Nucleotide sequence accession numbers
The ITS nucleotide sequences of UM 1094, UM 1104, UM 1134, UM 1216, UM 1217, and UM 1218 were deposited in the GenBank database with the accession numbers KT936494, KT936495, KT936496, KT936497, KT936498, and KT936499, respectively (Table 1).
All seven isolates grew rapidly on SDA. Initially, white hyphae grew from the inoculated site and formed a felty azonate mycelium. With aging, it turned to smoky gray color with a slight olivaceous tone as the mycelium became fully differentiated (Fig. 1). The smoky gray coloration was indicative of sporulation. All isolates had a black-gray coloration on the reverse side. The cultural characteristics of all fungal isolates that grew on SDA were similar to those that growing on PDA plates. However, their growth rates on PDA were different. The strains UM 1134, UM 1216, and UM 1218 grew faster (five days to reach the periphery of the 9 cm plate) than UM 1400, UM 1094, UM 1104, and UM 1217 (seven days) (Fig. 2). On V8 agar, all the colonies reached the edge of plate after a 5-day incubation; they had a felty to fluffy texture appearance (Fig. 3). The surfaces of the colony changed from white to gray or black after 5 days of incubation. The reverse side of V8 agar plate was initially colorless, and became slightly black after culture for five days. UM 1134 showed denser mycelial growth on SDA, PDA, and V8 agar as compared to the other isolates (Figs. 1D, 2D and 3D).
Light microscope analysis revealed that all isolates that grew on SDA, PDA, and V8 agar had similar morphology. The septate hyphae could be hyaline thin-walled or melanized thick-walled (Fig. 4A). The thick-walled hyphae showed black exudates on their surfaces (Fig. 4B). Septate conidiophores were irregularly branched into mononematous, dichotomous or trichotomous structures with one to three conidiogenous cells originating from the terminus (Figs. 4C–4E). The conidiophores were hyaline and black with occasional pigmented exudates. The conidiogenous cells were hyaline and cylindrical. On the apex of conidiogenous cells, conidia were produced holoblastically in a sympodial sequence (Fig. 4E). The conidia were hyaline and ellipsoid with an attenuated base as shown in Fig. 4F. Table 3 summarizes the morphological features of this fungal species.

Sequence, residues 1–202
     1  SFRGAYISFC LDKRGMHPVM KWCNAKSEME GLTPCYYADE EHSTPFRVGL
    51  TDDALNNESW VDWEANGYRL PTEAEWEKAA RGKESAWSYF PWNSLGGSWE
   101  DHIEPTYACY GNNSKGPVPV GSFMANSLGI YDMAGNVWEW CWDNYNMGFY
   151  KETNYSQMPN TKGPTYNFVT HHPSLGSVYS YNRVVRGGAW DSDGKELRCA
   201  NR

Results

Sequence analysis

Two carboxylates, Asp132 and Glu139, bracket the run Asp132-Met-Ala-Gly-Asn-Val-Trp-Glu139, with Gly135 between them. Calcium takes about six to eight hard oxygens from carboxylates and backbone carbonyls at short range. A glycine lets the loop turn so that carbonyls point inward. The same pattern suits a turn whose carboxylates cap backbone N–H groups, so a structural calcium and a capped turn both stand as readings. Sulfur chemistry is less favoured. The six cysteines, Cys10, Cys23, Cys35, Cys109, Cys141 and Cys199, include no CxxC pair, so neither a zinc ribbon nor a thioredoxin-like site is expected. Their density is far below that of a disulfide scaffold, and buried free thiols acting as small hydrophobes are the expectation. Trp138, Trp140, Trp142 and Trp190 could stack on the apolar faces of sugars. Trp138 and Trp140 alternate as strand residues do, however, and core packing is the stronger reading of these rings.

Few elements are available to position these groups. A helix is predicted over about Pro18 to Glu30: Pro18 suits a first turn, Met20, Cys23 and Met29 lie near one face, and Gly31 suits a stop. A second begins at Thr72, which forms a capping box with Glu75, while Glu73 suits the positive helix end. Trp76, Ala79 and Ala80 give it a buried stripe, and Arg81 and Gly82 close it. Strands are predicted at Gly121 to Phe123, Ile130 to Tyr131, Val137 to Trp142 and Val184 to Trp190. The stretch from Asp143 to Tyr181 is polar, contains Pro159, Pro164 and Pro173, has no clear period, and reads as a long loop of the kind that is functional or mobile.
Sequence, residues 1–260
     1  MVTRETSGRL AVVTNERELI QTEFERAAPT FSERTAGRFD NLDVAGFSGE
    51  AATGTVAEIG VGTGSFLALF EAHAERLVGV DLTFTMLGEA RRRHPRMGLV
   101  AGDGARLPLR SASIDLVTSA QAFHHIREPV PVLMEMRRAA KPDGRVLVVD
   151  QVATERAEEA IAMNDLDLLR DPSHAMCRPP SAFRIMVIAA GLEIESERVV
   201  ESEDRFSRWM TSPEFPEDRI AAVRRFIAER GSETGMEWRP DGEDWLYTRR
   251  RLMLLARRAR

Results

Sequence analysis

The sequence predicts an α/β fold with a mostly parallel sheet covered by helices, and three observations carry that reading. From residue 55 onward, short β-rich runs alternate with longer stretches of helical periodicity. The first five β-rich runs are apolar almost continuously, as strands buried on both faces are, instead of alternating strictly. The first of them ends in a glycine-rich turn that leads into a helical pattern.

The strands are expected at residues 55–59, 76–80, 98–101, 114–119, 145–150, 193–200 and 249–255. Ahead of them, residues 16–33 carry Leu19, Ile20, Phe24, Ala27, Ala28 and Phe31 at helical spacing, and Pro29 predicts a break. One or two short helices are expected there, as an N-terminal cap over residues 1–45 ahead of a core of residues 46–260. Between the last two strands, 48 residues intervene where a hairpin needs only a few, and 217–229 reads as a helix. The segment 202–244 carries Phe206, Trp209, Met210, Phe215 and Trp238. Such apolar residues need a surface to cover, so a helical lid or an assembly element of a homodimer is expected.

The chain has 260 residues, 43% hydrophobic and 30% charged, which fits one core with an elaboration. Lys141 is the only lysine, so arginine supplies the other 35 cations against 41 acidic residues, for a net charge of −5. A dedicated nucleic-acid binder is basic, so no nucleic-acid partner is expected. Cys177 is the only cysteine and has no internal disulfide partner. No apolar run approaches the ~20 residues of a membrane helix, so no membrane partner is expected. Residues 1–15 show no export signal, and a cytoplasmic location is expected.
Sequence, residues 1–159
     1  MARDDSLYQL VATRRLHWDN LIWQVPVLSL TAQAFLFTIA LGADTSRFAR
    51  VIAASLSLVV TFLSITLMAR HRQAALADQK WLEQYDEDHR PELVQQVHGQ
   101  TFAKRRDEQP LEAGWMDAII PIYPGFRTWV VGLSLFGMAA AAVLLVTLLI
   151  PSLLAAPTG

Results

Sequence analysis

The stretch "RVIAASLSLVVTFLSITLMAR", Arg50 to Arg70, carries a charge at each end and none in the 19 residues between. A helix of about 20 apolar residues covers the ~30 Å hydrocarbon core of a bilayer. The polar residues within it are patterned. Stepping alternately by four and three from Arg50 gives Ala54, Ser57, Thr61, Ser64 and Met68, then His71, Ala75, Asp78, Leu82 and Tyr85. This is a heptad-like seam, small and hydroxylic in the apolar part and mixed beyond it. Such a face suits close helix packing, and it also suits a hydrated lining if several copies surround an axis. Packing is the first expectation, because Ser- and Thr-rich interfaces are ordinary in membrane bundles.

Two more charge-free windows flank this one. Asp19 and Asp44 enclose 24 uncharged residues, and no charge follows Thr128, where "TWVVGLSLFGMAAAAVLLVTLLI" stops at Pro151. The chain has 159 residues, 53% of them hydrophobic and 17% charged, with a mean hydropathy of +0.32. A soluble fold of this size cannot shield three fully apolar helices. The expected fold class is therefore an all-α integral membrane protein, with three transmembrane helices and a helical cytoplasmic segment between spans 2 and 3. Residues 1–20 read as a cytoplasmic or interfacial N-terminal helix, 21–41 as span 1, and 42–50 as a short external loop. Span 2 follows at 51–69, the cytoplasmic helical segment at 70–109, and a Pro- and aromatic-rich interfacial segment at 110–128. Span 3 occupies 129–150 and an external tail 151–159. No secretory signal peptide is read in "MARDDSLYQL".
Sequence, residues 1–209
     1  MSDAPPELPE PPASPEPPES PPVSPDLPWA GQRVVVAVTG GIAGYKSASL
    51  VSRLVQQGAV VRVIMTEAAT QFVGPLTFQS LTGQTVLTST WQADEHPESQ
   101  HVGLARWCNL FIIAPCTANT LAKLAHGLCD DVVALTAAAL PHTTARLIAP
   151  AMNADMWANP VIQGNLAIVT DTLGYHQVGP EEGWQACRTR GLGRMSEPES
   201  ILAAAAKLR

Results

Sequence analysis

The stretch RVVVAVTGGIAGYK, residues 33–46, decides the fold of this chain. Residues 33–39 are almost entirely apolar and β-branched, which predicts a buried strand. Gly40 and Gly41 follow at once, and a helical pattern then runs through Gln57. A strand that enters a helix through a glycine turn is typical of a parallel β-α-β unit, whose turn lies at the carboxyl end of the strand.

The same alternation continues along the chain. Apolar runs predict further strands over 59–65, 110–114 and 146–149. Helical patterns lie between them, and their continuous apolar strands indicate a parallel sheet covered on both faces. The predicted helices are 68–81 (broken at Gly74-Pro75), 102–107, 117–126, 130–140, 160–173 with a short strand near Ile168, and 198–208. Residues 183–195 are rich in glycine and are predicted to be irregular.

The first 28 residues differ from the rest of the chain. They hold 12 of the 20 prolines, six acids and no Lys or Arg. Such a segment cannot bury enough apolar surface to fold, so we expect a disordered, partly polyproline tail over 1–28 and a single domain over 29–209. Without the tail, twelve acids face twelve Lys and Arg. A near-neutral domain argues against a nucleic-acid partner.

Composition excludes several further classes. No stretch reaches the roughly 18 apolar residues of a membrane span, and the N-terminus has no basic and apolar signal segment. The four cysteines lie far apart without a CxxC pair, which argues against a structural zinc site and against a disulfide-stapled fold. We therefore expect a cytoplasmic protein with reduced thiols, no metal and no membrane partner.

|Culture medium||Macroscopic features||Microscopic features|
|Sabouraud dextrose agar||Colonies attain a diameter of 9 cm agar plate in 5 days of incubation at 30 °C.
Colonies are felty and azonate.
At first colonies are whitish, turning smoke gray with slight olivaceous tone in age.
Reverse appears black in color.
|Hyphae are septate, thin-walled and hyaline to thick-walled and melanized, with thick-walled hyphae often have blackish exudates.
Conidiophores are septate, hyaline to melanized, some with blackish exudates, mononematously, dichotomously or trichotomously irregular branched, occasionally branched from conidiogenous region, bearing one to three conidiogenous cells on its terminus, up to 167 µm length × 2.2–3.3 µm diameter.
Conidiogenous cells are cylindrical and hyaline, bearing conidia on its apical region, 8.9–27.8 µm length × 1.1–2.2 µm diameter.
Conidia are ellipsoid, aseptate, solitary, hyaline, with attenuated base, produced holoblastically in sympodial sequence, 4.4–6.7 µm length × 1.7–2.2 µm diameter.
|Potato dextrose agar||Colonies attain a diameter of 9 cm agar plate in 5–7 days of incubation at 30 °C.
Colonies are felty, azonate or zonate.
At first colonies are whitish, turning smoke gray with slight olivaceous tone with age.
Reverse appears black in color.
|V8 juice agar||Colonies attain a diameter of 9 cm agar plate in 5 days of incubation at 30 °C.
Colonies are felty to fluffy, azonate.
At first colonies are whitish, later turning gray or black, some with slight olivaceous tone.
Reverse is initially uncolored, later becoming slight blackish.
All isolates were identified as D. eschscholtzii following the BLASTn searches. The ITS-based phylogenetic tree in this study comprised members from the genus Daldinia (Fig. 5), and was divided into groups as described by Stadler et al. (2014), namely the D. eschscholtzii group (Group I), D. concentrica group (Group II), D. vernicosa/loculata group (Group III), D. childiae group (Group IV), and D. petriniae group (Group V). In this study, all the isolates were clustered within the D. eschscholtzii group, forming a cluster with the reference isolates of D. eschscholtzii.
In vitro antifungal susceptibility test
The MICs of the nine isolates tested are shown in Table 4. The antifungal susceptibility profiles obtained were isolate-dependent. In general, VRC, PSC, ITC, KTC, and AMB displayed very low MICs to D. eschscholtzii, with all the isolates exhibiting MICs of ≤1 µg/ml. ANID also showed low MICs to (≤1 µg/ml) the different isolates, with the exception of UM 1134 and UM 1218 (>32 µg/ml). Similarly, low MIC values (≤1 µg/ml) were obtained for CAS, with two thirds of the isolates eliciting MICs of ≤1 µg/ml, and the remaining eliciting MICs of >1 µg/ml. Overall, PSC exhibited the highest in vitro anti-fungal activity (GM MIC 0.016 µg/ml) against all isolates, followed by VRC (GM MIC 0.021 µg/ml), KTC (GM MIC 0.027 µg/ml), AMB (GM MIC 0.031 µg/ml), ANID (GM MIC 0.062 µg/ml), ITC (GM MIC 0.089 µg/ml), and CAS (GM MIC 0.481 µg/ml). Relatively high MICs against D. eschscholtzii (88.89% with MIC >1 µg/ml; GM MIC value of 3.530 µg/ml) were found for FLC, indicating potential resistance of D. eschscholtzii to this drug.